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South Sudan’s slow vaccination, a major concern-whistle-blower

South Sudan's Health Minister being vaccinated against COVID-19 at Juba Teaching Hospital, 6 April 2021

Juba, 14 May 2021

An official who wish to remain anonymous has told Juba Eco on Friday that COVID-19 vaccination in Juba is going on at a very slow speed, at the rate of [approximately] 700 people per day. So far [around] 17,000 vaccines have been injected. [Around] 117,000 vaccines are still unused in Juba.

“We’re left with less than 70 days to the expiry date of July 2021 (for the 132k vaccines donated by COVAX). If these vaccines expire, we will definitely lose trust of donors and support of the international community. We do not know if we will have the support to deliver the second dose. You and I know the government does not have money to buy vaccines.” The source said.

The source added that currently, there are only 3 centers in Juba: Juba Teaching Hospital, Juba Military Hospital and Police Hospital. No single vaccine has gone to the states and administrative areas. Ministry of Heath is yet to take the vaccines to the states because it has no money. It is depending (as always) on donors to support vaccine transportation and training of vaccinators at the state level.

“So far, some health organizations have expressed their interest to distribute vaccines to the states were they operate. Ministry Of Health (MOH) was not supportive of this idea. Why can’t MOH allow NGOs to help it transport vaccines to the states so we can have more health workers and people at risk vaccinated.” The source asked.

The source further said, “If we don’t act now, there will be consequences. The vaccines will expire. Those who donated it will not be happy. They will not support us because we are not serious. People who will get vaccinated at the end of June will bit not get their second jabs. Citizens will loose hope in the MOH and donors will be upset with the government or the National Taskforce on COVID19 Response.”

The source said, South Sudan already has a case with the international partners/donors regarding the expired AU/MTN vaccines. The MOH announced publicly that it will destroy the expired 60,000 doses of COVID-19 vaccines but THE World Health Organization (WHO) says the vaccines can still use them for upto 3 months or wait for further instructions. At least the expired vaccines are not destroyed. They are in the stores, waiting on DFCA and WHO for technical advice.

The source there are things that can still be done to that may remedy the situation:

(1) MOH should balance its cooperation with the in-country partners and the government (Presidency and COVID-19 Taskforce). COVID19 pandemic is an international emergency and shouldn’t be the business of MOH alone. The already existing Departments in the Ministry do not have COVID-19 expertise and will be naive for MOH to just rely on them or assign their staff to control COVID-19 response. This is why NGOs think MOH does not have capacity and they end up dominating every plan, execution and evaluation of every single project.

(2) MOH should reach out to the top leadership of the country for urgent help. I mean the MOH should be transparent with the Presidency and the National Taskforce in what is needed now.

(3) MOH should seek UNMISS support to provide logistics especially airlifting of COVID-19 vaccines to the state capitals or other possible areas. UNMISS is here to help and will not hesitate to support in vaccine deployment.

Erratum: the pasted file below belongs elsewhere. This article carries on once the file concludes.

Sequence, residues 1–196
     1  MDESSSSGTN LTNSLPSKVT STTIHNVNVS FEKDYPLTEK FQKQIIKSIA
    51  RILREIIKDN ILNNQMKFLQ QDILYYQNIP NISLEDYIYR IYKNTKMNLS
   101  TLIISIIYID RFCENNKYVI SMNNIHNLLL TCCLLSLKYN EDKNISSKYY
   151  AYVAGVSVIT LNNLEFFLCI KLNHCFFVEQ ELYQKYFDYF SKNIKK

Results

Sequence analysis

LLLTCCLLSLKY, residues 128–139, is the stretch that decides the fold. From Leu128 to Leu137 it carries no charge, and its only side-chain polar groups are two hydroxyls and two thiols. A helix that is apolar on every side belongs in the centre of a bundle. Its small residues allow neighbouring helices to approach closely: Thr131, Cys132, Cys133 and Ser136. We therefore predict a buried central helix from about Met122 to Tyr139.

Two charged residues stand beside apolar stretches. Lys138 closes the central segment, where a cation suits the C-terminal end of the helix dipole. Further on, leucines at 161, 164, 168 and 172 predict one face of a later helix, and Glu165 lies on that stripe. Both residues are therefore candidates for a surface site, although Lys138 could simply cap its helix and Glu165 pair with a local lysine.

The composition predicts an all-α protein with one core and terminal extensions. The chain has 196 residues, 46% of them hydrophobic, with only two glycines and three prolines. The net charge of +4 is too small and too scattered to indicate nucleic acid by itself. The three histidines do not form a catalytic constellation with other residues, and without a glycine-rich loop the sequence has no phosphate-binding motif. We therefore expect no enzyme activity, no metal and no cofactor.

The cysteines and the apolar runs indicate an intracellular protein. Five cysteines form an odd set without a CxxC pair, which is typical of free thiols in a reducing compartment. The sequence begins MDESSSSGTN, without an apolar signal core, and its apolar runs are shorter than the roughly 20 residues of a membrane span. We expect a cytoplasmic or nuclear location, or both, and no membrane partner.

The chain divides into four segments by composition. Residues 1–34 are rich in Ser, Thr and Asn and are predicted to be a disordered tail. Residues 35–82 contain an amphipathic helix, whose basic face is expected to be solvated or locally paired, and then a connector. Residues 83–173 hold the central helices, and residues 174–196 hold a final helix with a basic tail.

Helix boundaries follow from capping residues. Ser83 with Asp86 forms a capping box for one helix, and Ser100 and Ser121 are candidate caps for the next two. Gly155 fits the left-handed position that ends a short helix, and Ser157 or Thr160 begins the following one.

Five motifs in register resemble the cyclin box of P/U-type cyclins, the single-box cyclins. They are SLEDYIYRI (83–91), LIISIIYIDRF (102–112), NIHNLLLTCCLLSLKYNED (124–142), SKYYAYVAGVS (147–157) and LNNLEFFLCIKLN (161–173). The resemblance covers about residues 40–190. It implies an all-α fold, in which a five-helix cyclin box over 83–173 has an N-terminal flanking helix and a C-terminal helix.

(4) Taskforce should intensify meetings and engagement of COVID-19 stakeholders to ensure the available vaccines are injected. Otherwise, there is no need to have the Taskforce that is relaxing when the MOH is left to struggle with limited resources and capacity. What can the Taskforce do better if not it is to ensure people are vaccinated and protected against COVID-19?

(5) The Presidency (or Cabinet?) should summon the National Taskforce and MOH leadership to explain why the vaccination is very slow, vaccines are not taken to states and vaccinators are not vaccinated.

(6) The COVAX facility members should just complete what they’ve started—-ensuring people in South Sudan have equal access to COVID-19 vaccines. hesitancy in fulfilling promises can cost South Sudan as a country. The country is not capable of buying vaccines, COVAX facility decided to help and vaccines are not going anywhere to the intended people.

(7) The Governors should start asking the MOH or central government as to why are vaccines not reaching their states/Adminstrative areas. They should be seen engaging and asking implementing partners in their states and explore the possibilities of transporting vaccines allocated to their respective states/administrative areas.

(8) Civil society and activists should advocate for vaccines to reach the state level.

In April, Dr. Richard Lako, South Sudan’s Covid-19 Incident Manager says when the 60,000 doses of COVID-19 from the African Union arrived in the country they were just two weeks from reaching their expiration date.

The 60 thousand does of the AstraZeneca vaccines from the AU arrived in South Sudan in late March.

Officials say the country’s Drugs and Food Authority blocked the use of the vaccines.

That’s because the policy of the authority is not to allow the use of any medicines that are is set to expire in less than three months.

(Disclaimer, This is to clarify that Dr. Richard Lako is not the whistle-blower who spoke to Juba Echo, his name is only mentioned in the above article because of an interview he gave the media in April and he only discussed issues of the 60,000 COVID-19 vaccines donated by AU/MTN to South Sudan.)

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